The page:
New York Times Turns On Subscription Model. Will You Pay?

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The popular New York Times will no longer be free to read online, according to an official communique on Thursday. The paywall will be turned on at NYTimes.com on March 28. The move will affect readers in the US and around the world.

“This move is an investment in our future,” Arthur Sulzberger Jr., chairman of The New York Times Company, said in his annual State of The Times remarks. “It will allow us to develop new sources of revenue to support the continuation of our journalistic mission and digital innovation, while maintaining our large and growing audience to support our robust advertising business. And this system is our latest, and best, demonstration of where we believe the future of valued content — be it news, music, games or more — is going.”

Beginning March 28, the New York Times readers will only be able to read 20 articles per month for free. Once readers click on their 21st article, they will have the option of buying one of three digital news packages — $15 every four weeks for access to the Web site and a mobile phone app, $20 for Web access and an iPad app or $35 for an all-access plan. Users will be able to pay via PayPal or credit card. The company launched digital subscriptions in Canada Thursday to “fine-tune the customer experience” before the wider rollout.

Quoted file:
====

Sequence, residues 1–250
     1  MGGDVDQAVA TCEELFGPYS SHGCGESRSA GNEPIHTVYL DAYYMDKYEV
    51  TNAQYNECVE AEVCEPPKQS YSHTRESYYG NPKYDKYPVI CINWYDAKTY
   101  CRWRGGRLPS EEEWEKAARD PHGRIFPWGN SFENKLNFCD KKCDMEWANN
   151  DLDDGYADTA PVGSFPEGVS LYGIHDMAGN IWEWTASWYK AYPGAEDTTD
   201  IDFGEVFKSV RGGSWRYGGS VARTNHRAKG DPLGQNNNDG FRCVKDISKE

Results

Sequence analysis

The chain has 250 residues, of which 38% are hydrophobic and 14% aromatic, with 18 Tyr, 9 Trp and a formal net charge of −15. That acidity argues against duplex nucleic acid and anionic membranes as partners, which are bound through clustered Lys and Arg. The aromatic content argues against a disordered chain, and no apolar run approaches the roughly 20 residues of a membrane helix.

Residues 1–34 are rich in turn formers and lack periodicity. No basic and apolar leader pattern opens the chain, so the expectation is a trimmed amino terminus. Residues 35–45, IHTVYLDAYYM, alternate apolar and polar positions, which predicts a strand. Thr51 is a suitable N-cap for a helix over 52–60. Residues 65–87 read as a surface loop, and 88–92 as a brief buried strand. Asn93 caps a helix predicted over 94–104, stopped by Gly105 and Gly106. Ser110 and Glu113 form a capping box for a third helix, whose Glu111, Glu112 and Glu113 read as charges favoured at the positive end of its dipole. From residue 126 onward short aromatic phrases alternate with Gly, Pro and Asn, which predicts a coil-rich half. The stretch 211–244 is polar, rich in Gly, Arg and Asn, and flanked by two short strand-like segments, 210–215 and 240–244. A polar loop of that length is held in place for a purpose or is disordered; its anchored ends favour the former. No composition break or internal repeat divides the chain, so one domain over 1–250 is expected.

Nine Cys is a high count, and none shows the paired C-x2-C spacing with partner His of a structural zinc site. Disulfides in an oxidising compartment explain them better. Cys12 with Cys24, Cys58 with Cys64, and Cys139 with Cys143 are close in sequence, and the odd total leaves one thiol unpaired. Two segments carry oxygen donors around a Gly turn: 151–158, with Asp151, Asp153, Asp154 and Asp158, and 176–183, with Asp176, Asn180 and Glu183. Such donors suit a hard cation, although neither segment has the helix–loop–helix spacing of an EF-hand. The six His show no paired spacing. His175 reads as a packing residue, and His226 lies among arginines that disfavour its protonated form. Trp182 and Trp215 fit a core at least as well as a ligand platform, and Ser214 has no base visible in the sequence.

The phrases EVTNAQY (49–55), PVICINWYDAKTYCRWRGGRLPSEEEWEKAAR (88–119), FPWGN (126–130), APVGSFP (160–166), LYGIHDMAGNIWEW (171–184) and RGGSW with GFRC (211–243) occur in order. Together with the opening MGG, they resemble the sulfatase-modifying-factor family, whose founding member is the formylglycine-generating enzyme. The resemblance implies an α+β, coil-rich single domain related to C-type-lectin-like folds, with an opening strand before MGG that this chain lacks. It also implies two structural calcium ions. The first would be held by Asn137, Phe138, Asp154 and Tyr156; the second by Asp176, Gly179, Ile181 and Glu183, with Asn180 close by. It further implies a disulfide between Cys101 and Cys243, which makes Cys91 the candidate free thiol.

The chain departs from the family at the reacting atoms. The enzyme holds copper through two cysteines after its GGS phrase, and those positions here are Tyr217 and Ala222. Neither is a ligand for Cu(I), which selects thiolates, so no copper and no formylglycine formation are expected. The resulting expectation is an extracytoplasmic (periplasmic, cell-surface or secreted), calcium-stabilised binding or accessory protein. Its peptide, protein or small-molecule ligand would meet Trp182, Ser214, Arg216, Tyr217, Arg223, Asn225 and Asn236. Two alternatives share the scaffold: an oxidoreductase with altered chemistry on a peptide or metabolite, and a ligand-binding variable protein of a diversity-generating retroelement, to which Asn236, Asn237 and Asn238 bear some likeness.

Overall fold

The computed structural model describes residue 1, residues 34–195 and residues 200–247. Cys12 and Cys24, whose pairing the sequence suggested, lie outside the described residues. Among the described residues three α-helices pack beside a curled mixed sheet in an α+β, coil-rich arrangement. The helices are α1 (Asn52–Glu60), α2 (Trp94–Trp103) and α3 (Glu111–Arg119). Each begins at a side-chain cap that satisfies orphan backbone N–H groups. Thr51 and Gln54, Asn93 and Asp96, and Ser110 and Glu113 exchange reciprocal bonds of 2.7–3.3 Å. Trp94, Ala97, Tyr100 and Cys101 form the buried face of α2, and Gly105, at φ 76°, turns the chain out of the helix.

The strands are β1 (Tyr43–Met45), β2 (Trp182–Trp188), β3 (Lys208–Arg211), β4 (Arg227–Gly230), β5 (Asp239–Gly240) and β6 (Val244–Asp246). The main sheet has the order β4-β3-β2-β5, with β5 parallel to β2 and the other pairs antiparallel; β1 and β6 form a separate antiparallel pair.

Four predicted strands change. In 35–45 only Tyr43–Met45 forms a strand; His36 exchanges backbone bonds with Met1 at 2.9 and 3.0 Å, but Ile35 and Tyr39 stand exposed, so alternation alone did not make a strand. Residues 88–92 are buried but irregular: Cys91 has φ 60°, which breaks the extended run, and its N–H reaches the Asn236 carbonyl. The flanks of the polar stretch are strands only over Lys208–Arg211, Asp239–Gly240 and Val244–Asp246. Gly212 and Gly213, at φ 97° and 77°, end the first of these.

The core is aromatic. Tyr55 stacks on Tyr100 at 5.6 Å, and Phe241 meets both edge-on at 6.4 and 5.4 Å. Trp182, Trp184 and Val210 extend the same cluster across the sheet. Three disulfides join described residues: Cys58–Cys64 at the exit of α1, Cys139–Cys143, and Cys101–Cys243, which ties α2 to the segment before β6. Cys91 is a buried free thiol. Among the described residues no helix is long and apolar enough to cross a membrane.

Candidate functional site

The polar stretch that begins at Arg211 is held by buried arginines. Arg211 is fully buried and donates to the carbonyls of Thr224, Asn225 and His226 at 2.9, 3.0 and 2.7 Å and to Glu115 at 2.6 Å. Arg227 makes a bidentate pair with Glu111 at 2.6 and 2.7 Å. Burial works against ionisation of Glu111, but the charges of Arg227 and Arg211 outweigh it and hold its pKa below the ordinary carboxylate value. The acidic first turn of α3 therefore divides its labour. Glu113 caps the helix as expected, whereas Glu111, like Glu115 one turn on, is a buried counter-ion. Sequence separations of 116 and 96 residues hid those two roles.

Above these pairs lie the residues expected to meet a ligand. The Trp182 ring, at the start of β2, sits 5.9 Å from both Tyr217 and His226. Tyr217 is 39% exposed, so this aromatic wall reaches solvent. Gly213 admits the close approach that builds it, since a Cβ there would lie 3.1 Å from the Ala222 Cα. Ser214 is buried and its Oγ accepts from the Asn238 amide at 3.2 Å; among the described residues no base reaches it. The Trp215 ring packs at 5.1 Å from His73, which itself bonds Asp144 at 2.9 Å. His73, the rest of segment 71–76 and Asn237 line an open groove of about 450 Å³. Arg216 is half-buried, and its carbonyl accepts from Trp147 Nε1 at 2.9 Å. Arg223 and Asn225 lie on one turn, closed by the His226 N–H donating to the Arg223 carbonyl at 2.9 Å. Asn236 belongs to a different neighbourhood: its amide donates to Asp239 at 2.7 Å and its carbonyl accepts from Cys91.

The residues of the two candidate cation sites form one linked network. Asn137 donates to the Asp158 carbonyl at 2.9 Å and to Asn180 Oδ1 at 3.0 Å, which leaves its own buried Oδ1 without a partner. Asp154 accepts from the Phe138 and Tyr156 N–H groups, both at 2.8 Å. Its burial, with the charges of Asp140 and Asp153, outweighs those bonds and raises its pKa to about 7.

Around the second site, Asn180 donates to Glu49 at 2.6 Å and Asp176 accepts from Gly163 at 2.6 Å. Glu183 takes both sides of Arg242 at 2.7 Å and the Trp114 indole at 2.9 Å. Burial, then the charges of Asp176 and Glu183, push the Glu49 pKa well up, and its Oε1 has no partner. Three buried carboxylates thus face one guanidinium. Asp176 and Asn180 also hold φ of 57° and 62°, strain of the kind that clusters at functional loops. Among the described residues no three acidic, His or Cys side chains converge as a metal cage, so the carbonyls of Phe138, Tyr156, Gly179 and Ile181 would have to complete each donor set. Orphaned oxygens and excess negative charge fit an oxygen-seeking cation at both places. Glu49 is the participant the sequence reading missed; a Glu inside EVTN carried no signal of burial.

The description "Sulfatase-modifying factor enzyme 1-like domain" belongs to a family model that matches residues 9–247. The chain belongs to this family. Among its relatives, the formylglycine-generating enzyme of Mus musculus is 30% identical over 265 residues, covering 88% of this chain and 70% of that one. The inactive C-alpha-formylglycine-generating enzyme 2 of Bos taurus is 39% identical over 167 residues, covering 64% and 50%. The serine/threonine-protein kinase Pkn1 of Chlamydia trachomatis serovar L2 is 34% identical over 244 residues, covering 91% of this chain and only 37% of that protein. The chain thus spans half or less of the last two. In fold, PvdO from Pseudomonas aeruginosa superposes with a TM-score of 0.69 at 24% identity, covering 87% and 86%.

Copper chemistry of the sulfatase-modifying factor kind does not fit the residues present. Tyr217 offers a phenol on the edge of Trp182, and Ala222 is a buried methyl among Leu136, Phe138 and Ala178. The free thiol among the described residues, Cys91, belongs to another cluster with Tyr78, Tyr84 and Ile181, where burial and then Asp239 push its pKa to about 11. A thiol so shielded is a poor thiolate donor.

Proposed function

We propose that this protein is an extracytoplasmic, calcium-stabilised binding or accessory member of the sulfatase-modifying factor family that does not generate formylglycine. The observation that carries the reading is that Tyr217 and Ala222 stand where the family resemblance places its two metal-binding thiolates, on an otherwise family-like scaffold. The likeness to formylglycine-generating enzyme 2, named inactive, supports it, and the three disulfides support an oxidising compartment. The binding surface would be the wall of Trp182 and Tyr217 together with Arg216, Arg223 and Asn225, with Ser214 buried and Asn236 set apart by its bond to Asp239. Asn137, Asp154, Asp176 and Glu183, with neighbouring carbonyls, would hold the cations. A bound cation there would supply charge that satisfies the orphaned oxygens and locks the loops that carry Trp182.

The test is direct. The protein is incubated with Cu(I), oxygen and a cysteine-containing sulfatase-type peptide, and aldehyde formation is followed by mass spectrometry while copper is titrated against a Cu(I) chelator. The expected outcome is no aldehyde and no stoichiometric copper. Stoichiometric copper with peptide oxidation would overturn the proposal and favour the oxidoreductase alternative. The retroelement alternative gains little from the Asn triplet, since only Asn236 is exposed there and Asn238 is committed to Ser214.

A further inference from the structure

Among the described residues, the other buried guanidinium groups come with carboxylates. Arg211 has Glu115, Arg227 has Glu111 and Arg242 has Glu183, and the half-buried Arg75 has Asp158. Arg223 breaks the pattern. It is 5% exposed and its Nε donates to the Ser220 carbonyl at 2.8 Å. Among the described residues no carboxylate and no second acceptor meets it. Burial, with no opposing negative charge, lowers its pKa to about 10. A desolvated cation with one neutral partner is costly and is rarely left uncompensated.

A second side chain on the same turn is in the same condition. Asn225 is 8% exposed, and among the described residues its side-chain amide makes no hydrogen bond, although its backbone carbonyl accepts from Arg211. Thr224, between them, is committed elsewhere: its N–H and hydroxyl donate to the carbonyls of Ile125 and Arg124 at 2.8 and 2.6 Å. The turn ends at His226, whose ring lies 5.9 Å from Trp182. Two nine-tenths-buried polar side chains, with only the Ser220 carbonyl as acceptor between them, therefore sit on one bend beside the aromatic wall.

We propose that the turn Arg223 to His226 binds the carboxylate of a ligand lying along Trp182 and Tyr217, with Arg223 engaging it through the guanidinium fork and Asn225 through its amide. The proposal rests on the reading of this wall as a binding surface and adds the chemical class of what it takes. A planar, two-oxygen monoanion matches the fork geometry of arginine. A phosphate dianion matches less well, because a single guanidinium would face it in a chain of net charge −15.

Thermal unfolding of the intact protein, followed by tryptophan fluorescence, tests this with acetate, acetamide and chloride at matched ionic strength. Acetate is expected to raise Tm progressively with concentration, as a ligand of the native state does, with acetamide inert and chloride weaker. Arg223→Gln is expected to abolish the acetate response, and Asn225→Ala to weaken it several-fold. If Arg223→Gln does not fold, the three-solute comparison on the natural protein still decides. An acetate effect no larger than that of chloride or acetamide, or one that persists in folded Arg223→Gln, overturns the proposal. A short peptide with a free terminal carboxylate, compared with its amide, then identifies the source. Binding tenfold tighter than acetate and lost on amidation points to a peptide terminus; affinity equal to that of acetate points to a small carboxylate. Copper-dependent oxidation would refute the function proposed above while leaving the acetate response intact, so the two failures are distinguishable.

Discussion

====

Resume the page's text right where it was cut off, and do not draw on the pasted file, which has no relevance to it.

As exciting as this may sound for the New York Times, they can forget the idea of engaging with the widest possible audience. As long as news outlets like Reuters and Associated Press distribute news free online, there will be always alternatives to paid subscriptions. Sure, the New York Times has many breaking stories, which are not available anywhere else in the first hour of publication or so. But this is the Internet – things cannot be kept behind walls for long – news spread, especially due to the rise of social networking. Soon, the New York Times will see its readers searching for news elsewhere.

Another question follows: if they turn on paid subscriptions, will they turn off advertising? My guess is no. With paid subscriptions, any newspaper only strengtheners its cash flow, but the bulk still comes from advertising. It remains a matter of debate whether the paper made a wise choice. Time will tell. In the meanwhile, enjoy the New York Times while you still can.

We do know that many agencies, including Zeno Group, Hunter PR & Kaplow PR still keep copies of The NY Times at their front desk.

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